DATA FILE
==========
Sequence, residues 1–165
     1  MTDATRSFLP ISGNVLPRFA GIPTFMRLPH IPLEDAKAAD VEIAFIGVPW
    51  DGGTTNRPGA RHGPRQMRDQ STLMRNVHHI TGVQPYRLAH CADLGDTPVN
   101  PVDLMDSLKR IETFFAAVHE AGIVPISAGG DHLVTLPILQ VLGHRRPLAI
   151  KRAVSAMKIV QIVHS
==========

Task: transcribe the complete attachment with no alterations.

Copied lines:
Sequence, residues 1–165
     1  MTDATRSFLP ISGNVLPRFA GIPTFMRLPH IPLEDAKAAD VEIAFIGVPW
    51  DGGTTNRPGA RHGPRQMRDQ STLMRNVHHI TGVQPYRLAH CADLGDTPVN
   101  PVDLMDSLKR IETFFAAVHE AGIVPISAGG DHLVTLPILQ VLGHRRPLAI
   151  KRAVSAMKIV QIVHS